Time and time again I’ve seen this with small businesses and the problem is, once you’ve got your website and you’re happy with it, it’s hard for anyone else to tell you it is badly written. Are you really qualified to judge whether your copy cuts the mustard?

“I could sharpen your website copy for you” is a line I’ve used often with clients where we are delivering significant increases in traffic to their websites via social media marketing, but the conversion rate remains depressingly low.

As a small business owner, it’s extremely hard to be objective about your pride and joy. But you need to take the emotion out of it.  A badly written website will hamper your commercial prospects.  Personally, if I log on to a website with grammatical errors and tedious copy, I tend to traverse elsewhere.  For if said business owner can’t be bothered to invest in getting their content just-so, how can I really have confidence in their attention to my overall customer experience?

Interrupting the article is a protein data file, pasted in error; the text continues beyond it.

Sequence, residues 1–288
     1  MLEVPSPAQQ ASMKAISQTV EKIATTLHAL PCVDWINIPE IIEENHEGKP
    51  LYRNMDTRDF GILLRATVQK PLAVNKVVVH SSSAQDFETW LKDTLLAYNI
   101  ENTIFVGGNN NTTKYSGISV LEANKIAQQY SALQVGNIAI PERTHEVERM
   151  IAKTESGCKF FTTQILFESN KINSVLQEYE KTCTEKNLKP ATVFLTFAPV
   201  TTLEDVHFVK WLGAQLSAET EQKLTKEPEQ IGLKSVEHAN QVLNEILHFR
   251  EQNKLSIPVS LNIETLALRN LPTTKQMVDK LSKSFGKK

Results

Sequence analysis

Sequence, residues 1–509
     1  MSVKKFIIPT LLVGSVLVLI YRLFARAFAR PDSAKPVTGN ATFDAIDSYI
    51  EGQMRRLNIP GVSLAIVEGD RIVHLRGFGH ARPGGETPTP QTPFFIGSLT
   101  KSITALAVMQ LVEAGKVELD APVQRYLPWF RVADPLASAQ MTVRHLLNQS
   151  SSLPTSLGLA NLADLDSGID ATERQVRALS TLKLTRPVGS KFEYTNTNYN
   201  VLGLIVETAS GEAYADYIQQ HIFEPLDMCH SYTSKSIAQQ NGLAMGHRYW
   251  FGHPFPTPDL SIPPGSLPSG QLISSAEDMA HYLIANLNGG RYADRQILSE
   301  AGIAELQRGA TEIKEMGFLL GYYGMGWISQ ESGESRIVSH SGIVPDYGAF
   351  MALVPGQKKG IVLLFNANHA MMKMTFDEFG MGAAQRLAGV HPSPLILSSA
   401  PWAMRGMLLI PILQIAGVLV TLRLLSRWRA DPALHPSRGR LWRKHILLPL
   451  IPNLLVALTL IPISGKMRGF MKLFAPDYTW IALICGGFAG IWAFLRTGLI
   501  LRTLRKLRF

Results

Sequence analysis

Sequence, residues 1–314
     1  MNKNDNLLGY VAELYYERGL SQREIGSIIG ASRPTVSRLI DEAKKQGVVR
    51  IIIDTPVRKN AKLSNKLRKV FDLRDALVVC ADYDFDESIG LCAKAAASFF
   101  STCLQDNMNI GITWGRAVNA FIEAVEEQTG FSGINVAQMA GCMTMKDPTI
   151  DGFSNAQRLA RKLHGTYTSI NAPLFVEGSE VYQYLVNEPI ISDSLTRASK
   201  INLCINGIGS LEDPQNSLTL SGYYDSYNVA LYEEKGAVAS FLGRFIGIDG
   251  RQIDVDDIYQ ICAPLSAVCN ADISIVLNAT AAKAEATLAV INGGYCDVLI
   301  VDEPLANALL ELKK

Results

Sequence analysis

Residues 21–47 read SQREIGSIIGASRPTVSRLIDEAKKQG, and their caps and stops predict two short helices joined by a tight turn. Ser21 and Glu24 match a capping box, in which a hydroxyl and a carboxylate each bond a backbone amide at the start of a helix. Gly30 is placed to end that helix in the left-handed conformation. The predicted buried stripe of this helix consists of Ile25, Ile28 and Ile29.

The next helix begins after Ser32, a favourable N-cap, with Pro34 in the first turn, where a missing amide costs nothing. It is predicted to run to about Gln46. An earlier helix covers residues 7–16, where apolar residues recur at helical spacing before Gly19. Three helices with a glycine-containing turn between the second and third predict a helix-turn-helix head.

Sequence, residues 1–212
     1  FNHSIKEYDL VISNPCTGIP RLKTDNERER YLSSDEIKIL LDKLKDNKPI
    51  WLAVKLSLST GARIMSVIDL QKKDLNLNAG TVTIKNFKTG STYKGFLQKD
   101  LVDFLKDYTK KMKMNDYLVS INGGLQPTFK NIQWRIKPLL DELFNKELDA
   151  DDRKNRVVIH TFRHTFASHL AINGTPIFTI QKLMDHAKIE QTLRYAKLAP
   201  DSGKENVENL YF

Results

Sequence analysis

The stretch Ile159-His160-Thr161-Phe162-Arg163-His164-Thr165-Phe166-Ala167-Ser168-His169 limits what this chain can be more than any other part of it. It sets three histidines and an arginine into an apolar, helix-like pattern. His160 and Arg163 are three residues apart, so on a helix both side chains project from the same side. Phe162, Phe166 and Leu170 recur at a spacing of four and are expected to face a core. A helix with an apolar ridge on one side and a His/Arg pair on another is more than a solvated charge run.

Freelance copywriters do not charge the earth.  Sure, if you go to a massive agency, they’ll mark up their offering astronomically (you can bet the writer will get a mere fraction of that), but if you hunt around you will find some talented scribes, who will take pleasure in penning you some killer copy for a modest sum.  Check out our competitive copywriting rates here – I can guarantee they’ll be less than you think.

One of the reasons big businesses are so successful is that they continually optimise performance by matching individual’s key skills with business requirements.  There are many business areas where the small operator can get by with a fairly meagre modicum of talent.  Writing isn’t one of those areas though, so if you’re not a natural scribe, please call in the professionals.